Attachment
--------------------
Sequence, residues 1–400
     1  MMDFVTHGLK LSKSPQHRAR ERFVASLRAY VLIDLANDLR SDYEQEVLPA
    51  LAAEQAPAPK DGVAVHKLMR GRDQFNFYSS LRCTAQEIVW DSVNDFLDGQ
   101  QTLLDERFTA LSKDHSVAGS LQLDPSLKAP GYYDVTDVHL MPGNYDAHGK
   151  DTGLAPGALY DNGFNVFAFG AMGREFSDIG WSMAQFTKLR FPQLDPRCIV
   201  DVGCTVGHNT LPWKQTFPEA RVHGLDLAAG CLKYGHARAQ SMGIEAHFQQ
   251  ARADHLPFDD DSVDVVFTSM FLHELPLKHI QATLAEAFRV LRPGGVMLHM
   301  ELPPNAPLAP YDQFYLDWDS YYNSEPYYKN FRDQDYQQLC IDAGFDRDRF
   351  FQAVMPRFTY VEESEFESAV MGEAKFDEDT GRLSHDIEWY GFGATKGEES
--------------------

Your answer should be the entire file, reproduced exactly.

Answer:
Sequence, residues 1–400
     1  MMDFVTHGLK LSKSPQHRAR ERFVASLRAY VLIDLANDLR SDYEQEVLPA
    51  LAAEQAPAPK DGVAVHKLMR GRDQFNFYSS LRCTAQEIVW DSVNDFLDGQ
   101  QTLLDERFTA LSKDHSVAGS LQLDPSLKAP GYYDVTDVHL MPGNYDAHGK
   151  DTGLAPGALY DNGFNVFAFG AMGREFSDIG WSMAQFTKLR FPQLDPRCIV
   201  DVGCTVGHNT LPWKQTFPEA RVHGLDLAAG CLKYGHARAQ SMGIEAHFQQ
   251  ARADHLPFDD DSVDVVFTSM FLHELPLKHI QATLAEAFRV LRPGGVMLHM
   301  ELPPNAPLAP YDQFYLDWDS YYNSEPYYKN FRDQDYQQLC IDAGFDRDRF
   351  FQAVMPRFTY VEESEFESAV MGEAKFDEDT GRLSHDIEWY GFGATKGEES